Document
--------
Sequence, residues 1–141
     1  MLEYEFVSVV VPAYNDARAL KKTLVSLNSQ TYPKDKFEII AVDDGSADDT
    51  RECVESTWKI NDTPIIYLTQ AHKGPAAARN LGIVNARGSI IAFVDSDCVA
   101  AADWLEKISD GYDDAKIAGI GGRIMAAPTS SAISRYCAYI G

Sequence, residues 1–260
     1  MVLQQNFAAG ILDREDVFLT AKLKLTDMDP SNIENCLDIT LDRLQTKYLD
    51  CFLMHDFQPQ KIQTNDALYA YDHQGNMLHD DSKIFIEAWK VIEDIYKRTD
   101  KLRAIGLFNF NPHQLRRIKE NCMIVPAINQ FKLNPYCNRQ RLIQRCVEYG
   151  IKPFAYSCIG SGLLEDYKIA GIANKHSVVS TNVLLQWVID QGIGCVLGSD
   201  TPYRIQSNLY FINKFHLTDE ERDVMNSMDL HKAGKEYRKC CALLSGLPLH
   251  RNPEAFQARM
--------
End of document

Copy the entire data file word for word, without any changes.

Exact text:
Sequence, residues 1–141
     1  MLEYEFVSVV VPAYNDARAL KKTLVSLNSQ TYPKDKFEII AVDDGSADDT
    51  RECVESTWKI NDTPIIYLTQ AHKGPAAARN LGIVNARGSI IAFVDSDCVA
   101  AADWLEKISD GYDDAKIAGI GGRIMAAPTS SAISRYCAYI G

Sequence, residues 1–260
     1  MVLQQNFAAG ILDREDVFLT AKLKLTDMDP SNIENCLDIT LDRLQTKYLD
    51  CFLMHDFQPQ KIQTNDALYA YDHQGNMLHD DSKIFIEAWK VIEDIYKRTD
   101  KLRAIGLFNF NPHQLRRIKE NCMIVPAINQ FKLNPYCNRQ RLIQRCVEYG
   151  IKPFAYSCIG SGLLEDYKIA GIANKHSVVS TNVLLQWVID QGIGCVLGSD
   201  TPYRIQSNLY FINKFHLTDE ERDVMNSMDL HKAGKEYRKC CALLSGLPLH
   251  RNPEAFQARM